Tough work gives way to pints and play

 

IF YOU'D been talking about EMU and the IGC all day, you'd want a pint too.

Great European minds seem to think alike, and they headed en masse for the pubs on Friday night. British Prime Minister John Major showed up in Kitty O'Shea's with Chancellor of the Exchequer Kenneth Clarke. At his closing press conference on Saturday, Charlie Bird presented Major with a photograph of himself and Clarke at the bar. Could he have a copy too? Clarke asked Bird.

post it to Number 11 Downing Street!

End-of-summit pressences provided some repartee between Euro and hacks. Guardian correspondent Michael White cheekily told John Major - who will probably be succeeded by Labour leader Tony Blair next spring - that this was likely to be his last European summit. Major didn't miss a beat: "I hope to see you next June (at the Amsterdam summit)," he told White. "If you still have a job." French President Jacques Chirac chided liberation's Brussels correspondent Jean Quatremer: "For years Liberation has been telling me that everything will go badly in Europe," Chirac said. "I am impressionable, so I arrive at these meetings somewhat worried. And then everything ends up fine - contrary to what I read in Liberation."

European summits are run on a class system as rigid as anything invented by the British. Heads of state and government are in first class. They're served champagne at every meal and have free run of Dublin Castle. The leaders' domain is called the Red Zone, and the borders of this sanctum are clearly marked by red signs and burly security guards with walkietalkies. No one would think of asking a prime minister or president to wear a vulgar ID badge; instead they were given gold-plated sterling lapel pins made by Dublin jewellery designer Alan Ardiff. The logo of. the Irish presidency - an egg shape with three curlicues - adorns the lapel pins. A handout from the Department of Foreign Affairs explained the logo: "The continuous spirals with seemingly no beginning or end are synonymous with the belief that as one cycle ends another begins." Not a bad definition of European presidencies!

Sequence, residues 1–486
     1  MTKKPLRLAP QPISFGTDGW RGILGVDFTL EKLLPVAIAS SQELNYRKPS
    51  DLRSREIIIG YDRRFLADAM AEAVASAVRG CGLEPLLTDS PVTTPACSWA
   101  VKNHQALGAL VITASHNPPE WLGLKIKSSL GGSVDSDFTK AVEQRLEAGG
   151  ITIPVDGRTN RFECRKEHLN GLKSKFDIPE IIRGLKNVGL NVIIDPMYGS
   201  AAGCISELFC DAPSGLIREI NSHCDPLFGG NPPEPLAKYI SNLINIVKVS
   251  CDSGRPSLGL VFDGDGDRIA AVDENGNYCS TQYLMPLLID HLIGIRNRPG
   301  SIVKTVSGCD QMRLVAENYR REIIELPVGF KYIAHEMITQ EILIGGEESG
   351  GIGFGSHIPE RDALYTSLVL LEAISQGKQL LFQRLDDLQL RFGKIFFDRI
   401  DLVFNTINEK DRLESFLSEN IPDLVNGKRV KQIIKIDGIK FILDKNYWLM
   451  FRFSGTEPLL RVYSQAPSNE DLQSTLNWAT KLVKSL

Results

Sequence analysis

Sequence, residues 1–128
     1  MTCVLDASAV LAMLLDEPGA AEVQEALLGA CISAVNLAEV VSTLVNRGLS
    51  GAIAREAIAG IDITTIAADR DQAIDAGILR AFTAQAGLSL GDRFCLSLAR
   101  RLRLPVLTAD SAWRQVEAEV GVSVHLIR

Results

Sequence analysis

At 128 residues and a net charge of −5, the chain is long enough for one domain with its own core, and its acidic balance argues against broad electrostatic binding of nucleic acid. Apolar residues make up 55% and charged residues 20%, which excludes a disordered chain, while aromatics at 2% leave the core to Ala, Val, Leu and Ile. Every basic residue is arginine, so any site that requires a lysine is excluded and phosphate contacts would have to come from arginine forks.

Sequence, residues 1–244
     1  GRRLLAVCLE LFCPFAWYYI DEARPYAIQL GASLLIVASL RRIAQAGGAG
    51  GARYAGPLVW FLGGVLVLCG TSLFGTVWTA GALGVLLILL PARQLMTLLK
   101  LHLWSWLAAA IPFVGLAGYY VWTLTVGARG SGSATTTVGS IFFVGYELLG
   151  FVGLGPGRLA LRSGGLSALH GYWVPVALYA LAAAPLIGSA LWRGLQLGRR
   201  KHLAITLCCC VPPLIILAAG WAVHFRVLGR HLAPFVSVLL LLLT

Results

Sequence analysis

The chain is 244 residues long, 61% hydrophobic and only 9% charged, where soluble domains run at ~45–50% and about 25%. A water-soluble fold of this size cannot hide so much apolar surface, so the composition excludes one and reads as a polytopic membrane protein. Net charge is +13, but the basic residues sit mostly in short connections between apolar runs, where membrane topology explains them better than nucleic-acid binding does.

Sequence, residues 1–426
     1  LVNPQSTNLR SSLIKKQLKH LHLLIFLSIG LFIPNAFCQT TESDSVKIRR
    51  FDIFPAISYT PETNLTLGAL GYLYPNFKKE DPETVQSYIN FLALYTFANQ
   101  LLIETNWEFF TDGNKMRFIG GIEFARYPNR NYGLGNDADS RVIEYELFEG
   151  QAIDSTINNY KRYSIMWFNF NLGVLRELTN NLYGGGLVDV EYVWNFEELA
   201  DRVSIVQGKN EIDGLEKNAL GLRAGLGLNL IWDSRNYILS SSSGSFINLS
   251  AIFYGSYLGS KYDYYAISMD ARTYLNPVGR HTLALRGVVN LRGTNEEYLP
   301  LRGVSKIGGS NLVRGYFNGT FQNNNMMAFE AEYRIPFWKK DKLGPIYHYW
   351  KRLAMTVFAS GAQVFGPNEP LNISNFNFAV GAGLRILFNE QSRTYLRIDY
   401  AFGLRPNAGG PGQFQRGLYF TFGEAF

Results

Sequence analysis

Still in the Red Zone but a notch lower, the foreign and finance ministers wore the same lapel pins, except that theirs were not gold-plated. Ambassadors, ministers' assistants and other delegation members were in club class, known as the Blue Zone. Their lapel pins had blue enamel heads, (the blue being for Europe) with green (signifying Ireland) curlicues.

Finally, the 2,000 journalists at the summit were confined to steerage class in the Chester Beatty building and environs. Their yellow badges designated them as outcasts from the castle or delegation rooms. From time to time a government spokesman or minister would toss them a scrap of information.

The media couldn't complain though they had a free bar with Irish music on Friday and Saturday nights. And while the heads of state, ministers and leaders of aspirant EU members from eastern Europe were lunching on fresh and smoked salmon, Beluga caviar, fillet of Irish beef in roasted pinenut and basil crust and orange creme brulee on Saturday, the press were queuing up for their traditional freebies: A side of smoked salmon from Wrights of Howth, Butlers Irish handmade chocolates and a set of Guinness postcards. A voucher could be exchanged for a bottle of Jameson at Dublin airport.

The photographers and TV camera crews had the hardest job, waiting outside in the cold for repeated "family photos". It's hard to get a good shot when you're being jostled by hundreds of colleagues. There's always some poor guy at the back who has to hold his camera above his head and shoot his picture without knowing what he's getting. As they swarmed through the courtyards of Dublin castle, the photographers made fun of themselves, barking like dogs and bleating like sheep.

Leaders who skip the family photo are frowned upon. This time it was Belgian Prime Minister Jean-Luc Dehaene, who made a beeline for the exit after lunch. Dehaene, it seems, didn't want to miss the Belgium-Netherlands World Cup qualifier.